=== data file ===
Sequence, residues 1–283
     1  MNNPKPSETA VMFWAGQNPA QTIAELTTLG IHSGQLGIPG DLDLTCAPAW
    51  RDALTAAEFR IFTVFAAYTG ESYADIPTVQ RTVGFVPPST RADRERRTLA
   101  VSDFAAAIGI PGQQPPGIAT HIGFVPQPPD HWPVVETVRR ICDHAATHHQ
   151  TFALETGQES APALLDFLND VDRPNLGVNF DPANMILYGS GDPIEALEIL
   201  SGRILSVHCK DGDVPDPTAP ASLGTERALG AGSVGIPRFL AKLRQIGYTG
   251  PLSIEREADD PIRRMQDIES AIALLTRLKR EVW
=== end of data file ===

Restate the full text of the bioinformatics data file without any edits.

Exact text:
Sequence, residues 1–283
     1  MNNPKPSETA VMFWAGQNPA QTIAELTTLG IHSGQLGIPG DLDLTCAPAW
    51  RDALTAAEFR IFTVFAAYTG ESYADIPTVQ RTVGFVPPST RADRERRTLA
   101  VSDFAAAIGI PGQQPPGIAT HIGFVPQPPD HWPVVETVRR ICDHAATHHQ
   151  TFALETGQES APALLDFLND VDRPNLGVNF DPANMILYGS GDPIEALEIL
   201  SGRILSVHCK DGDVPDPTAP ASLGTERALG AGSVGIPRFL AKLRQIGYTG
   251  PLSIEREADD PIRRMQDIES AIALLTRLKR EVW